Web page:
When the Mountain Goats play at the Englert Theatre on Mon., Sept. 26 (tickets $22-25) and at Codfish Hollow Barnstormers on Mon., Oct. 3 ($25-30), it may feel familiar to singer songwriter John Darnielle. It’s been almost twenty-five years since Darnielle left Iowa to start a career in music. In that time, he has released an extensive catalog of music, grown his band into a quartet and is in the process of releasing his second novel Universal Harvester, due out in February.
Photo by Phoebe West
Darnielle spent time living and writing here; Iowa was a place of growth for him. “When I moved to Iowa I wasn’t married, when I left there I was,” he said. “When I moved to Iowa I didn’t really know what I was going to do for a living, and when I left Iowa was when I decided to go ahead and try to make a go of making music my full time job.”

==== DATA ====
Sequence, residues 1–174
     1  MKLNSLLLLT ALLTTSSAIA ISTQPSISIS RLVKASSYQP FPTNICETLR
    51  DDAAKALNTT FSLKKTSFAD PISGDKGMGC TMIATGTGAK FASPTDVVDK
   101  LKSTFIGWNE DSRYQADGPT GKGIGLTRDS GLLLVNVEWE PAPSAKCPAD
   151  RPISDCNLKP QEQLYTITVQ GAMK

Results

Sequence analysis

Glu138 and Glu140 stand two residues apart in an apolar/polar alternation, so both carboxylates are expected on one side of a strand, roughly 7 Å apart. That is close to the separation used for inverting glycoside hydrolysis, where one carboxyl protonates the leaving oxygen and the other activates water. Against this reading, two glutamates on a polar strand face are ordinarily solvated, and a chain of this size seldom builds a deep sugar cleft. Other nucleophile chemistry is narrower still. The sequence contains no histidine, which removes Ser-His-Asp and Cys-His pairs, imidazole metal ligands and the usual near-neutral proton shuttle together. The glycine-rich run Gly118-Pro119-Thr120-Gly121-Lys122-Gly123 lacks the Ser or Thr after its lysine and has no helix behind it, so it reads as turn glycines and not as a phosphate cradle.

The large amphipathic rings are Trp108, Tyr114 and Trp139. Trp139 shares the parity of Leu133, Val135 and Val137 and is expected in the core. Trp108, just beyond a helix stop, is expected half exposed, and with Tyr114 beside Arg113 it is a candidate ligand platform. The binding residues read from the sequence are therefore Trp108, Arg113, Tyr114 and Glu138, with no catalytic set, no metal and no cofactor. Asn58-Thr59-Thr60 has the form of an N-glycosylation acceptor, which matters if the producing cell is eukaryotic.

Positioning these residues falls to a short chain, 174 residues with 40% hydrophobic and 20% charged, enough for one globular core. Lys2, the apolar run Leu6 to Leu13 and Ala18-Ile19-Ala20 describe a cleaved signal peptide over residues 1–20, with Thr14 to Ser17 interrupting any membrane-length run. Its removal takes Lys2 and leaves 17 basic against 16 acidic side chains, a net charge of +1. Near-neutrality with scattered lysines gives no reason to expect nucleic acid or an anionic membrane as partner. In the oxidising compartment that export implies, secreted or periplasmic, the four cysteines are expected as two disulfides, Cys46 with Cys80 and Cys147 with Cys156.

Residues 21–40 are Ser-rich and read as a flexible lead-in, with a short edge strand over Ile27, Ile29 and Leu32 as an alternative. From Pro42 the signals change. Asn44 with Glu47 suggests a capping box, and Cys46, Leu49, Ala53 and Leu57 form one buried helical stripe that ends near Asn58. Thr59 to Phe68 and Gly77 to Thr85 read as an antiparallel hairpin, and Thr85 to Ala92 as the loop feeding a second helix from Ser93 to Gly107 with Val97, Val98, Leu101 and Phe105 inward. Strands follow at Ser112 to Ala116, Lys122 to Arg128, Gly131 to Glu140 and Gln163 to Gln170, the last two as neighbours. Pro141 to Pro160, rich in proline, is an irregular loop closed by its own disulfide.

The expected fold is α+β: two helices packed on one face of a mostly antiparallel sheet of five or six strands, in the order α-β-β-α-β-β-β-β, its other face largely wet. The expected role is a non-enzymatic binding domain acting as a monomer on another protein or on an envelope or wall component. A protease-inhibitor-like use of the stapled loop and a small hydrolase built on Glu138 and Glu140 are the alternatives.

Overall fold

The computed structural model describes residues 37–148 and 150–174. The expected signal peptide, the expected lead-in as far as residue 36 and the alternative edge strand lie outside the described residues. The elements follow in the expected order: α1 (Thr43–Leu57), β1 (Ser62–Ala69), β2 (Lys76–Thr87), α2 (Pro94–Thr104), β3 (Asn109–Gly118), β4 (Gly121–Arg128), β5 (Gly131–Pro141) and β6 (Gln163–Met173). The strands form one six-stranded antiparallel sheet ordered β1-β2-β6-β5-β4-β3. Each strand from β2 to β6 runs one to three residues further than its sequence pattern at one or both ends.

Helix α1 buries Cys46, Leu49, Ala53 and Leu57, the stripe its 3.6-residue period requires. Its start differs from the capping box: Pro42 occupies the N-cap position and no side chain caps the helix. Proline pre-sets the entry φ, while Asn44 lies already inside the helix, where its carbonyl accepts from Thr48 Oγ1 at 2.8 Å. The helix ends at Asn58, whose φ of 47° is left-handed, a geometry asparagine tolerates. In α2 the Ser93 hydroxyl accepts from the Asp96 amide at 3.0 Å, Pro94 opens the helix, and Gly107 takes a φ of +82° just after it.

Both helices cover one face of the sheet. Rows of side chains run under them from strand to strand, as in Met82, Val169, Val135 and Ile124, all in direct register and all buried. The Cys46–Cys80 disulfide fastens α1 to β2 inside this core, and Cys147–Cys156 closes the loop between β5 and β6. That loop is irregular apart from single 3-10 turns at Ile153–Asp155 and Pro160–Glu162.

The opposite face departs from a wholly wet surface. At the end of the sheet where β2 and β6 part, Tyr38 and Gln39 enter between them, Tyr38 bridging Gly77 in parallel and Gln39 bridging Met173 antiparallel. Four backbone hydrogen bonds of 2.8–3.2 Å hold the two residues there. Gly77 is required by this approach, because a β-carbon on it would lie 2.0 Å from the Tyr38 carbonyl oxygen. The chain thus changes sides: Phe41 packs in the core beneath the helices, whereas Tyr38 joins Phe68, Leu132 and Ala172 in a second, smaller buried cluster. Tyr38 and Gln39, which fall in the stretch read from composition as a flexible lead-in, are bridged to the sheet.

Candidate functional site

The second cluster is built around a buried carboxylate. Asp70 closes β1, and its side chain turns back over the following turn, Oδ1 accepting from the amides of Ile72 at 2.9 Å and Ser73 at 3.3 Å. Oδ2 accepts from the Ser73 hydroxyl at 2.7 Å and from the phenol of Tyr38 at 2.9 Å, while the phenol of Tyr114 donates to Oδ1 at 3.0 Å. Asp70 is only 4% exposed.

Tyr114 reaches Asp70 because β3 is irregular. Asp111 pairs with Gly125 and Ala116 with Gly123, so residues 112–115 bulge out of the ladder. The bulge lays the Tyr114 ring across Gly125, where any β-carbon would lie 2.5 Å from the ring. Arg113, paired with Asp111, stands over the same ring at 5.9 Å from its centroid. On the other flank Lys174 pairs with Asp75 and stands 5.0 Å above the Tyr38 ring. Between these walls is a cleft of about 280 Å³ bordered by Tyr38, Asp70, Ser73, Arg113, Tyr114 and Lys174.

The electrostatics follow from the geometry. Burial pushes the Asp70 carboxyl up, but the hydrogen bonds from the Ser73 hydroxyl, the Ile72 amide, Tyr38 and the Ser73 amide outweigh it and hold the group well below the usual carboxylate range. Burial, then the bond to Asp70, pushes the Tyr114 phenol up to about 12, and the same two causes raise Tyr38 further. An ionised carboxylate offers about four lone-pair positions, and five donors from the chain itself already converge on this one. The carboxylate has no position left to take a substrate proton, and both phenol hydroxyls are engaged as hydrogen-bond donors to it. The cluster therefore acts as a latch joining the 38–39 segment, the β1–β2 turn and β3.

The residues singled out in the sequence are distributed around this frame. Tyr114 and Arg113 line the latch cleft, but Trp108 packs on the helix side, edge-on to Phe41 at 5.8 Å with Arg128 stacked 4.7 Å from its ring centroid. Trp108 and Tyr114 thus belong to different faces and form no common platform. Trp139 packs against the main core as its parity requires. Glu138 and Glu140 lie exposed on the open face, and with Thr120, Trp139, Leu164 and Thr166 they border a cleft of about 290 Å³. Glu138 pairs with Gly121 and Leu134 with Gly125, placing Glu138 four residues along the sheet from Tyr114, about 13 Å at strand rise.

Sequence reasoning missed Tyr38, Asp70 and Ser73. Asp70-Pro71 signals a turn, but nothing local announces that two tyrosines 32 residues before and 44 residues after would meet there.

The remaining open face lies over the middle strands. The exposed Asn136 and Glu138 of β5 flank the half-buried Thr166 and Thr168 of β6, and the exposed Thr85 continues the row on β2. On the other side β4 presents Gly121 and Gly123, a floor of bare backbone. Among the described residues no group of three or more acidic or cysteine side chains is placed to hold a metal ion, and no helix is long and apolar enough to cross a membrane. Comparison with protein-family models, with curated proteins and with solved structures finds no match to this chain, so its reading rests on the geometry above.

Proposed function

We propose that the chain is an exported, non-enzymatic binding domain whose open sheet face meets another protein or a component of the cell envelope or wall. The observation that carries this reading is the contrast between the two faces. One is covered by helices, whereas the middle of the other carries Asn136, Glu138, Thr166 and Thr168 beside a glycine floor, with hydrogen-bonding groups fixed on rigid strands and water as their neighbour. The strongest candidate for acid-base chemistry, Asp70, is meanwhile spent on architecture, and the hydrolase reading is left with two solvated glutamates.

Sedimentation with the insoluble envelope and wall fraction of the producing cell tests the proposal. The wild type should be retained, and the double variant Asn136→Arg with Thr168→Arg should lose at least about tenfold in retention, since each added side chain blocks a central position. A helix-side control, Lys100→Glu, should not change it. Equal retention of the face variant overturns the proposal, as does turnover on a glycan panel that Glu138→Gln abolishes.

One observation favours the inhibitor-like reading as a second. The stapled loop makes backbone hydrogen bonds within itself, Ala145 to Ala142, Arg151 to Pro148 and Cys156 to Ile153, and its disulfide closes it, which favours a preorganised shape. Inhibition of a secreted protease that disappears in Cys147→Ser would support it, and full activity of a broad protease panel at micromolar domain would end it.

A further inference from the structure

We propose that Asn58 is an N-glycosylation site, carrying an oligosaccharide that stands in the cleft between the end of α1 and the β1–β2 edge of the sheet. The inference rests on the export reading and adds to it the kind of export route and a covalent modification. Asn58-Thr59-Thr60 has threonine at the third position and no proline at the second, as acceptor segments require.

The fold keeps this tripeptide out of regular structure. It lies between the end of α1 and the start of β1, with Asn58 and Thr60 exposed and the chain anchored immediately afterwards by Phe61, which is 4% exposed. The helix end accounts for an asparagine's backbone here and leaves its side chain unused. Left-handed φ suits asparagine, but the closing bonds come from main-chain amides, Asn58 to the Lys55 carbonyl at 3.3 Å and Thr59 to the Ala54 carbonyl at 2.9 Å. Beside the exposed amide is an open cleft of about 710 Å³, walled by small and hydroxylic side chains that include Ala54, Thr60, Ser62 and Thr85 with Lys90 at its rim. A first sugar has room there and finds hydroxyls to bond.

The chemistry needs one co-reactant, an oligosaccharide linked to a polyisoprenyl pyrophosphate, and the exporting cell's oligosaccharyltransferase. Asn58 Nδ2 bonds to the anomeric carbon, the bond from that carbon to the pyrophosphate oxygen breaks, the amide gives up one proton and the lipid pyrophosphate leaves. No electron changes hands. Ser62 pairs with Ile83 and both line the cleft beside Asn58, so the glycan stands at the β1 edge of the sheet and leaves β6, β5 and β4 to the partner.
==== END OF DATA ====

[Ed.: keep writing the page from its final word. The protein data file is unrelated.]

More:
Now Darnielle works on his music and prose from a converted textile factory in North Carolina, which once produced drawstrings for Bull Durham tobacco bags. While he’s married with two young sons, Darnielle shows no signs of slowing down.
The Mountain Goats (originally the name for Darnielle’s solo act) most recently released 2015’s Beat the Champ, an album devoted to the world of professional wrestling. The album features odes to the heels and heroes of the sport, and touches on some of its darker sides, including the story of Bruiser Brody, a wrestler murdered in the locker room before a match. Wrestling is an unusual topic for indie-folk music, but Darnielle said he has received plenty of support from fans.
“I think I expected a lot more blowback than we actually got … people totally got it, people who weren’t into wrestling didn’t seem to be put off by the fact that it’s a fictional frame.”
It’s exactly the sort of thematic range that has helped the Mountain Goats grow from cult favorite to widespread critical acclaim.